The extra support, which was announced today by Hilary Benn, the UK’s Secretary of State for International Development , will be used over the next six months to provide emergency food and health support to people suffering from severe malnutrition in Kenya, particularly in the worst affected northern and eastern pastoral and agricultural areas.
The funding, which brings the total UK contribution to the food crisis to £30.2m since June 2004, includes £4m to be made available immediately to non-governmental organisations working in the country. A further £2m will be allocated on the basis of the results of an urgent review being undertaken by the Government of Kenya, the UN and NGOs.
International Development Secretary, Hilary Benn said:
“The new funding we’re announcing today will help provide food and emergency healthcare to the areas that desperately need it. Children, the elderly and pregnant women are the most vulnerable and that’s why I’m urging others in the international community and the Government of Kenya to act quickly to help save the lives of those at risk.”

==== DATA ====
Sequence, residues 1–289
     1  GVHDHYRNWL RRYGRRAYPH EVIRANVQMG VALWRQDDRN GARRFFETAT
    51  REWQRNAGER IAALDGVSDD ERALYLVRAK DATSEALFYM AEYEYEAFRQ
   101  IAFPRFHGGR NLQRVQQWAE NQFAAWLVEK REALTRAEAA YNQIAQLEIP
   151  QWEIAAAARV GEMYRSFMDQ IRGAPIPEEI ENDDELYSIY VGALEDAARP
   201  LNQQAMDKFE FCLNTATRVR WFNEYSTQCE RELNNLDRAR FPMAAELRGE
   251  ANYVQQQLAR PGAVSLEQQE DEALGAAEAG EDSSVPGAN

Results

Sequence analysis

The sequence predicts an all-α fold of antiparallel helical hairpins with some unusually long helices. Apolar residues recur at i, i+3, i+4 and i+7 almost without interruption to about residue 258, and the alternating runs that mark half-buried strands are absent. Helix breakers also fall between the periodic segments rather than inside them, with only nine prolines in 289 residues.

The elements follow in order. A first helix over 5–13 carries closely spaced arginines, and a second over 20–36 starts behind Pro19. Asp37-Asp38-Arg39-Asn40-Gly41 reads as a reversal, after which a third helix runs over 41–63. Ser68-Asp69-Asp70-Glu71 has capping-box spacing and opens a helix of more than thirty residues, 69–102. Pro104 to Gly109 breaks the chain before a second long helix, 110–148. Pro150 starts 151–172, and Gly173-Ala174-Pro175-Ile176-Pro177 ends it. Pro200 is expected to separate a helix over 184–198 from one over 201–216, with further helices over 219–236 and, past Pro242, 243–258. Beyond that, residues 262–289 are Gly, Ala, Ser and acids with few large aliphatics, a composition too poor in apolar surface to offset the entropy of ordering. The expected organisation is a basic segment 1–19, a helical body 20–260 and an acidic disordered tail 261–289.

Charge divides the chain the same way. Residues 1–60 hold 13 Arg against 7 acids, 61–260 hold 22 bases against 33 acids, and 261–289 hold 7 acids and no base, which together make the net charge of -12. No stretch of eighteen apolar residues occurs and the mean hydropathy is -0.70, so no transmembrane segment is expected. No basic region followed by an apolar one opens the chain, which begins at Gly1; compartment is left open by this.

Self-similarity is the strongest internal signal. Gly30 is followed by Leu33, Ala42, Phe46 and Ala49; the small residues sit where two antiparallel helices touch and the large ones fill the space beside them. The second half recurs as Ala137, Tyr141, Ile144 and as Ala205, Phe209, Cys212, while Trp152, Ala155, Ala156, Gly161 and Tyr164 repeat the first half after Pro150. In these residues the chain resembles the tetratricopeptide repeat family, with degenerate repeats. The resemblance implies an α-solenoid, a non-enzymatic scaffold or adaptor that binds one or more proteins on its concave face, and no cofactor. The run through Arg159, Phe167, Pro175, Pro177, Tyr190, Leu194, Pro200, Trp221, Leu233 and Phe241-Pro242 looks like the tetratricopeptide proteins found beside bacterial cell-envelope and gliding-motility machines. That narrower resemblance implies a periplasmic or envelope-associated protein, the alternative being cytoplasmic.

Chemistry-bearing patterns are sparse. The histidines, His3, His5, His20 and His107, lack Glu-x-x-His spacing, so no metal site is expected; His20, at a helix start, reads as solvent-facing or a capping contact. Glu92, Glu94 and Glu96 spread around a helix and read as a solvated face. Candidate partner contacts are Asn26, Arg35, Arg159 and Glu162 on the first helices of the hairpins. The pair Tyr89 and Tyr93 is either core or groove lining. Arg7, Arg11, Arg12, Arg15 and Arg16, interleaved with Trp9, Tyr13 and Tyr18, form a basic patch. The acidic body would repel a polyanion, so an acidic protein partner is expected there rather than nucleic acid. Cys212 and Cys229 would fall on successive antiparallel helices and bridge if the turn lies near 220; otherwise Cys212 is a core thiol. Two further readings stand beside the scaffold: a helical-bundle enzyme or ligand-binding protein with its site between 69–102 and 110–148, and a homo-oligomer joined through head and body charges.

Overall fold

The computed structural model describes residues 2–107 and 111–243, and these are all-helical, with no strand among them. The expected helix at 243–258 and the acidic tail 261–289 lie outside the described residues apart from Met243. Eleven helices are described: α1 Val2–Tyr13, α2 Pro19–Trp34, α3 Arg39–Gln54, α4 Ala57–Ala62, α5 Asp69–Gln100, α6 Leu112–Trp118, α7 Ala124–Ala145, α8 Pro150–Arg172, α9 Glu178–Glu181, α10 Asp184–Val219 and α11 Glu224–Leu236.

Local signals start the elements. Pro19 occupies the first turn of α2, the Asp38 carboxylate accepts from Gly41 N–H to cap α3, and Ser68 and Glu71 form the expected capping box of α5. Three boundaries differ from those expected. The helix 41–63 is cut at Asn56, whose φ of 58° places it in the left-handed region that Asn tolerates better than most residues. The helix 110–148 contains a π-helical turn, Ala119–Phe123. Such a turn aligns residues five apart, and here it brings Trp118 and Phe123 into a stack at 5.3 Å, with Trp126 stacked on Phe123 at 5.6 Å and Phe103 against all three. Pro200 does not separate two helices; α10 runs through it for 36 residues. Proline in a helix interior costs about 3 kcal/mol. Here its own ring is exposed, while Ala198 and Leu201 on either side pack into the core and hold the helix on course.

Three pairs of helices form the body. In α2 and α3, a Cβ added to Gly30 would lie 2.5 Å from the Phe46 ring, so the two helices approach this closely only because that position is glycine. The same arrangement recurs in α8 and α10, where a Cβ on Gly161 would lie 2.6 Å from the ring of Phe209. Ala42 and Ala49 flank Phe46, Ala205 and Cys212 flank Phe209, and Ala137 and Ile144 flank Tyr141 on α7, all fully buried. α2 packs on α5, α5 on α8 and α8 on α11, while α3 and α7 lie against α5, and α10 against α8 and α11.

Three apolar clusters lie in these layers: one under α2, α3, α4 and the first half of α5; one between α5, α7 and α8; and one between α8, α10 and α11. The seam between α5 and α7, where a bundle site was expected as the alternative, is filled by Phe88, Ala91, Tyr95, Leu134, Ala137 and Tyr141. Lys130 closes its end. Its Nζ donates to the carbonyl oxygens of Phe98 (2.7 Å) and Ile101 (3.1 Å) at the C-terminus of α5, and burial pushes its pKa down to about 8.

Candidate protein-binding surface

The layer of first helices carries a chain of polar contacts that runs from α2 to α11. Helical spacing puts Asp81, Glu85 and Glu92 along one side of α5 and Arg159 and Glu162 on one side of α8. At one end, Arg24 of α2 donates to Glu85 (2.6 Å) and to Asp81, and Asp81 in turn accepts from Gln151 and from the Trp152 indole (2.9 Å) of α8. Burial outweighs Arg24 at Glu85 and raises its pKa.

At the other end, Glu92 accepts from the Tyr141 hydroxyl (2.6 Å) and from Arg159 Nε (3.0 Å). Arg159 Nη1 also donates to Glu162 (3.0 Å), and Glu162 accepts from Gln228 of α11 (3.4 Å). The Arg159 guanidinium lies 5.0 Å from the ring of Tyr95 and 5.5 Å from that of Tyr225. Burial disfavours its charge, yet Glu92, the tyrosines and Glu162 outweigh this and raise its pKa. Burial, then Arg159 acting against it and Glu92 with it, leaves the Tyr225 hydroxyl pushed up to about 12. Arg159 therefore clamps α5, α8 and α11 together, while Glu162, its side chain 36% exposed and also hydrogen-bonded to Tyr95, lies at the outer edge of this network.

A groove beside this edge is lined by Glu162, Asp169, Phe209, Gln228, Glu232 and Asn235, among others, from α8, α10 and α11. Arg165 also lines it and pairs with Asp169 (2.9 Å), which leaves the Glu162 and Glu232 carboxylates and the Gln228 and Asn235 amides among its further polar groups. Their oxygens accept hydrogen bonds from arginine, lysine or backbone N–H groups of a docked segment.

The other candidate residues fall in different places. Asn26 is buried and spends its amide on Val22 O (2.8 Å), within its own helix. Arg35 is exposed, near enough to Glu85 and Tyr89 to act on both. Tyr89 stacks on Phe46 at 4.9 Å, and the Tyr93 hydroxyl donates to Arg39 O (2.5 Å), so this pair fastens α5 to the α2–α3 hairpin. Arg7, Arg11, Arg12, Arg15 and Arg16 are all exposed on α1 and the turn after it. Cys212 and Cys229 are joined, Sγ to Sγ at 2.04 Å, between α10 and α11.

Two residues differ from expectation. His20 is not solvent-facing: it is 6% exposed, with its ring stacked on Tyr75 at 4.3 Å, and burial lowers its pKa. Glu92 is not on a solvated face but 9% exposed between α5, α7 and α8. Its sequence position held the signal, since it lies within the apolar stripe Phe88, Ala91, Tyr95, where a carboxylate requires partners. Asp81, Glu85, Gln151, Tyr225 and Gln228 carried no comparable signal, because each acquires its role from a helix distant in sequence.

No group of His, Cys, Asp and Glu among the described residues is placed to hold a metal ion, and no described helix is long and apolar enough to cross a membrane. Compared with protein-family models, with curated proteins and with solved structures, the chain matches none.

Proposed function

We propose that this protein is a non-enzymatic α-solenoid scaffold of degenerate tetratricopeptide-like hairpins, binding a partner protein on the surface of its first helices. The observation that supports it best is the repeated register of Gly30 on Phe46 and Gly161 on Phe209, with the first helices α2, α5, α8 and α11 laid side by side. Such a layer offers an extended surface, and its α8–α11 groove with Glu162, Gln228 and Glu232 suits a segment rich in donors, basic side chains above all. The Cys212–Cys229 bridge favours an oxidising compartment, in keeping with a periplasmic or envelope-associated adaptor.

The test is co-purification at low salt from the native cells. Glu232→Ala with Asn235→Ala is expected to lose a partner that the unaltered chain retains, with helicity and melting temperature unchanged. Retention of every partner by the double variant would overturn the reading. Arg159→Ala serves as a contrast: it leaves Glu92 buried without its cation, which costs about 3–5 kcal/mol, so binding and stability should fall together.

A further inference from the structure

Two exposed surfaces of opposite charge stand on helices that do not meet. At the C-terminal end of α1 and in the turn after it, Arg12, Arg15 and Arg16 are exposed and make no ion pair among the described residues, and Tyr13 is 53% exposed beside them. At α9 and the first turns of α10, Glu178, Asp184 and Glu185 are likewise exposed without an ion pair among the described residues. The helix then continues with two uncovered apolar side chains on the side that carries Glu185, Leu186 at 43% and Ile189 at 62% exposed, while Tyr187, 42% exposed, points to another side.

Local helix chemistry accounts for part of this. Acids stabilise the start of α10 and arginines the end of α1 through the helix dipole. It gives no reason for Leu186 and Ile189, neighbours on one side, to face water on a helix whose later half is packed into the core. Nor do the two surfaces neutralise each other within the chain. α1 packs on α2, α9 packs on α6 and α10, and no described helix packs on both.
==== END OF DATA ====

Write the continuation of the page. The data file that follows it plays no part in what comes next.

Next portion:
Kenya has experienced regular drought-related humanitarian crises and these are often most intense in northern and eastern lowland areas. The long rains between April and June did not fail this year, and have improved prospects in some areas, but recent
surveys by UNICEF show that many children remain acutely malnourished and are not receiving assistance.
Hilary Benn added:
“Our contribution today aims to save lives by boosting health and nutrition coverage in the most affected areas, but we must also look beyond the immediate problems and tackle the underlying causes of hunger in Kenya.
“Each drought increases the number of people facing hunger over the long-term because many lose or are forced to sell the assets they need. That’s why DFID is working with the Kenyan government to improve infrastructure and investment in the most vulnerable areas as well as supporting the development of a safety-net programme for the most needy.”